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Wednesday, October 26, 2011

A Very Famous Maserati And A Golden Shifter.

 Photos and Videos by Miguel Caparros
Click Here For The Video                                            
In the 50's the great Formula 1 constructors would derive their two seat Sports Cars directly from the Formula 1 cars. The 300S was based on the 250F that had a very long career from 1954 to 1960. Only 26 250F's were built, most of them were raced by privateers. The 300S began in 1955 and 28 examples were built through 1958.  It is amazing the performance extracted from these cars that had Dual Over Head Camshaft Hemi head and only 3 liters, or 183 cubic inches. Power output varied from 245 to close to 300 horsepower from the 6 cylinder engine.  I had both the good and bad fortune of having a few Maserati's over the years. Maserati marched to a different drummer and like many they had good times and really bad times. I also was exposed to their construction techniques when I owned a Stangelini Formula Junior that was basically a 3/4 scale version of the 250F and it was to date the most successful Formula Jr car of all time. The 300S sports car was not always the fastest but it proved to be reliable enough to win more than its share of races against the Mercedes 300SL and the Ferrari 250 V12 Monza. It was a glorious time when the drivers were fat and the tires were skinny, and there was a direct connection from the factory race cars to the ones that were driven on the street. The 300s also begat a 350S with a monstrous V12 engine and my favorite of all the 450S with a 4.5 liter V8 that had a sound that is unforgettable.

By Miguel Caparros.                                                      Click Here For The Video
By 1970 the Oldsmobile 442 and its other Muscle car cousins had come under fire from the insurance industry due to the popularity of the cars and in my opinion greed. The companies all banded together in the era of the 55 mile per hour national speed limit to make sure that the young and the young at heart would pay through the nose if they bought any thing that did not weigh 4,600 lbs and have 4 doors. Models like the 442, GTO, Z28, Mustang GT, Turino and Road Runner, all fell under scrutiny, if it had a V8 bigger than a 350 they would get hit with a big insurance premium. Very flawed thinking. The Ralley 350 was Oldsmobile's answer to sell a sporty car on keep it out of the high premiums. Ignoring the reality that in less than 3 hours that 350 could be lifted out and a 455 monster be dropped in and there was no way that the average insurance adjuster could tell a high output 455 from a milk jug. Those that would rather keep the engine in the car that it came with, found out that you can get loads of power from any 350. I was very guilty just like most young men that grew up in the 60's and 70's of burning up 30 cents a gallon of Sunoco 260 to blast down the street, stupid laws or insurance companies be dammed. If the insurance companies had truly cared for their customers safety, and even today, taken a pro active role in training drivers and creating a teared licensing system we would have saved many more lives than ridiculous speed limits, driving around with the shop teacher was a total waste of time. Not that I have an opinion on this.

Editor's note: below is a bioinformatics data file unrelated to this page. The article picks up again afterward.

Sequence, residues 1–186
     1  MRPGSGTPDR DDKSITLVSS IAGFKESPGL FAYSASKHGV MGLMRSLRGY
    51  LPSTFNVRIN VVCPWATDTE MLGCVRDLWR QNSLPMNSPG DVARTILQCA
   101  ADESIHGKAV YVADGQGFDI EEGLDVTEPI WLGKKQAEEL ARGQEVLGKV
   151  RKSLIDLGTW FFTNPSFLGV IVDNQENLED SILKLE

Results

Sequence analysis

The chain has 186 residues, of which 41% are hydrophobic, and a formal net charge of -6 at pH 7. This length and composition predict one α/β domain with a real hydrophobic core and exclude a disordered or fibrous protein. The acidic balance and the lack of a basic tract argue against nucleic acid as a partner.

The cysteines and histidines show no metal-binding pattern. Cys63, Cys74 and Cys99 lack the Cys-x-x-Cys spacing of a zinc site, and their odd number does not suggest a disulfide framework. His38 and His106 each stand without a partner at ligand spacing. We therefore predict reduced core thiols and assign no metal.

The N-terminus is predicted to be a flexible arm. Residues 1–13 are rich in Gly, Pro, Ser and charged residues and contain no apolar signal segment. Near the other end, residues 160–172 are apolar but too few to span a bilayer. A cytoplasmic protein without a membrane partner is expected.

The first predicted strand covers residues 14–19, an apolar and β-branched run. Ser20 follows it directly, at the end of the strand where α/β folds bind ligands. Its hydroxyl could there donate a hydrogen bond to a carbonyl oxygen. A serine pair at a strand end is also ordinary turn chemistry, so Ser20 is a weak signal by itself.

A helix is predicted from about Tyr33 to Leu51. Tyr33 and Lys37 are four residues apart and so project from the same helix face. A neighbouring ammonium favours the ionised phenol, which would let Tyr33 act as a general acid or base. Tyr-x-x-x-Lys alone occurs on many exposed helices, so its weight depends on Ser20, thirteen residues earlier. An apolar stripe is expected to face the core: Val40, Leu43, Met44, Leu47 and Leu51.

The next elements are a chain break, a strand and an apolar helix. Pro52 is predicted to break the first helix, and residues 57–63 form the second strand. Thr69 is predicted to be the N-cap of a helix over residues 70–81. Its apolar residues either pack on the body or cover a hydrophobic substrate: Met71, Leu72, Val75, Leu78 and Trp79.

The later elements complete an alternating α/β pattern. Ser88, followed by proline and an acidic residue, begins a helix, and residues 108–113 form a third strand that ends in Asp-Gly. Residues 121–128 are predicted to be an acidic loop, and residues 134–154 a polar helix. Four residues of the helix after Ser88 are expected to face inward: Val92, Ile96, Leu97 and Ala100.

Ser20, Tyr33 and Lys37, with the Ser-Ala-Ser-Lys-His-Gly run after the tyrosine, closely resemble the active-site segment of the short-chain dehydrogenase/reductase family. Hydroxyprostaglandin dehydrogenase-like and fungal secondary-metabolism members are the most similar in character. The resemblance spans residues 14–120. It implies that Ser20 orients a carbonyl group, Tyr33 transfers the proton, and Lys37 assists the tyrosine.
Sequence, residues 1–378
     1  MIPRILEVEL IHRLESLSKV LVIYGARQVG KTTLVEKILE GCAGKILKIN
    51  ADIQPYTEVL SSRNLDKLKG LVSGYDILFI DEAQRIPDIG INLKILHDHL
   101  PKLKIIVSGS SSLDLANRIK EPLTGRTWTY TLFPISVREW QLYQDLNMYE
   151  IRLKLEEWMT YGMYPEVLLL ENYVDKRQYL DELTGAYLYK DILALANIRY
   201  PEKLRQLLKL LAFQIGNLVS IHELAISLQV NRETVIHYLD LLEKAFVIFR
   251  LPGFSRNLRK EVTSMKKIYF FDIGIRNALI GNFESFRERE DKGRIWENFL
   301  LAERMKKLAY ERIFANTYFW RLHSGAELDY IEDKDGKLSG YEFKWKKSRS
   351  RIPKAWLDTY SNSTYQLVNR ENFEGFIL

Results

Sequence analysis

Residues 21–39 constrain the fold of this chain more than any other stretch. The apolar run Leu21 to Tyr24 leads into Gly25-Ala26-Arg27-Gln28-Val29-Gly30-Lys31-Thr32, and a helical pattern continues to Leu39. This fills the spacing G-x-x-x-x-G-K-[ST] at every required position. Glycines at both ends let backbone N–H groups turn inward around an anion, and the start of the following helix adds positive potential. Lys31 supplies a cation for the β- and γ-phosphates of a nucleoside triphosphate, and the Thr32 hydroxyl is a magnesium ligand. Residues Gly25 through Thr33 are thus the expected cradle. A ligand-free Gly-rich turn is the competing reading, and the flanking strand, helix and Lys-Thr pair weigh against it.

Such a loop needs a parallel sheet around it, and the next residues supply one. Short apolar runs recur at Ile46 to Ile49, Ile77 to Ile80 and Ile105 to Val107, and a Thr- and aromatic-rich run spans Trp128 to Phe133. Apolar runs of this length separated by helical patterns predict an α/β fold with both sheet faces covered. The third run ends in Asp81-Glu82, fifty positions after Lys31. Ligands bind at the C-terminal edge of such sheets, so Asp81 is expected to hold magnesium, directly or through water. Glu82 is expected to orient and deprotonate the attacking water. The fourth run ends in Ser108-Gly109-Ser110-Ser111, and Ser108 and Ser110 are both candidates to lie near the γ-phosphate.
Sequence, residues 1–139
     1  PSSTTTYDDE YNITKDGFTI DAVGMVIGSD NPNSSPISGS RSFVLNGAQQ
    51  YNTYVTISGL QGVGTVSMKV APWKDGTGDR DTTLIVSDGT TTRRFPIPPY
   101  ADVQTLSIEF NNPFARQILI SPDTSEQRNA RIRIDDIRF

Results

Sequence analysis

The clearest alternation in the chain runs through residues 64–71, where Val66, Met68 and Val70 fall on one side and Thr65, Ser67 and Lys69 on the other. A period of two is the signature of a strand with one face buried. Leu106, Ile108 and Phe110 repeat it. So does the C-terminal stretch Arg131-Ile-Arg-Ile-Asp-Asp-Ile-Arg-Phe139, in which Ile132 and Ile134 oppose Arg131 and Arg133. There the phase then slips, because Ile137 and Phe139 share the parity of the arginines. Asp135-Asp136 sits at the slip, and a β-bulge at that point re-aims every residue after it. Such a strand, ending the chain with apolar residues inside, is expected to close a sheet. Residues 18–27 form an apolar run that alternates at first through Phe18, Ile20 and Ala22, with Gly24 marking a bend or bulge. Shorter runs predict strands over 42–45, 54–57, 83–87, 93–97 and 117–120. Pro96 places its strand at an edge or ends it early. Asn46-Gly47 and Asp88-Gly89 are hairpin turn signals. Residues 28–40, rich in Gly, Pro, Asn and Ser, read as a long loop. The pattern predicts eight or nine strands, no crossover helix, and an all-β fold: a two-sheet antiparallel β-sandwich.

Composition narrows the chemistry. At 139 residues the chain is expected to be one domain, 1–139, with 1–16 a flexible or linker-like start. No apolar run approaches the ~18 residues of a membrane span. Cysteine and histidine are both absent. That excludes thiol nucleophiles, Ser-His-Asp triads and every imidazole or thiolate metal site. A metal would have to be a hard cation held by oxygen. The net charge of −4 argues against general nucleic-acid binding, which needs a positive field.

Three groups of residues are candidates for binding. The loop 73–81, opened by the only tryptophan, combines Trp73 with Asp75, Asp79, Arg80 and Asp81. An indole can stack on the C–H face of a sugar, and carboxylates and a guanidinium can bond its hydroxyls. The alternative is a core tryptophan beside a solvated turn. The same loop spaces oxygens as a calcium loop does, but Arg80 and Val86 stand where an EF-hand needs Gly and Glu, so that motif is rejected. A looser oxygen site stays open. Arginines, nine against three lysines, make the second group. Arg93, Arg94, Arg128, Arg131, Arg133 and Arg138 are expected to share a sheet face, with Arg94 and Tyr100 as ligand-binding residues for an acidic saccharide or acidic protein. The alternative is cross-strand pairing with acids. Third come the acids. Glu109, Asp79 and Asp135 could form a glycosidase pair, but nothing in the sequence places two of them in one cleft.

Saturday, October 15, 2011

The 1951 Fordyllac

By Miguel Caparros.

In early in 1951 my father bought a 51 Ford Convertible. His plan was to exploit a hole in the Over The Road Racing Rules that did not forbid engine swaps. Dad somehow acquired a brand new 1951 Cadillac Overhead Valve V8 of 330 cubic inches, the "Hemi" of its time. He apparently had the engine before the car and his shop balance and blueprint the engine. In the process he discovered a Californian named ED Iskenderian who was working some magics with cams to find more power. The 51 went directly from the port of Havana to the shop where the 85 horsepower flathead was replaced by the 300 horsepower Cadillac V8. The Fordyllac was born. Speaking of being born, in November of 51 that was the car that took me and my mom, in a hurry, to the hospital when it was time for me to join this world. Mother was not much of one for speed, as a matter of fact she was terrified riding in a car. The ride to the hospital is a story I heard 10,000 times if I heard it once.

The Fordyllac became a legend! Due to the long time it takes rules to be changed Dad figured there was nothing that could catch it for the first year. The light weight of the Ford combined with the Cady Muscle also caused a few expected and unexpected issues. The Ford overdrive 3 speed was not quite up to the torque of the big V8. The Crafty Cuban mechanics at the shop somehow created a LaSalle 3 speed overdrive transmission and history has lost what overdrive unit they used. Next thing to get attention was the differential that was twisting axles and shredding gears, a Cady diff was made the appropriate size to fit in the Ford. Brakes were also an issue and the correction for this was to fit the brakes from a Lincoln limo. All these niggling breakdowns were keeping the Fordyllac out of the Victory Circle. For 1952 the rules were re-interpreted to eliminate convertibles from competition. Much to the competitors chagrin the first race in 1952 the 51 Fordyllac made its appearance with a coupe hard top properly welded in place. The Fordyllac went on to a few wins but at this point the factory teams were getting up to speed and getting very hard to beat. In 1954 the old Fordyllac was being left in the dust of the Buicks so for 55 the Ford got a new home and we acquired a new Studebaker Speedster, smaller engine trade for better aerodynamics. Stay tuned for that story.

Saturday, October 8, 2011

The Varsity, !964 Mustang Introduction And A1968 Datsun Road Test

Stories, videos and photos by Miguel Caparros.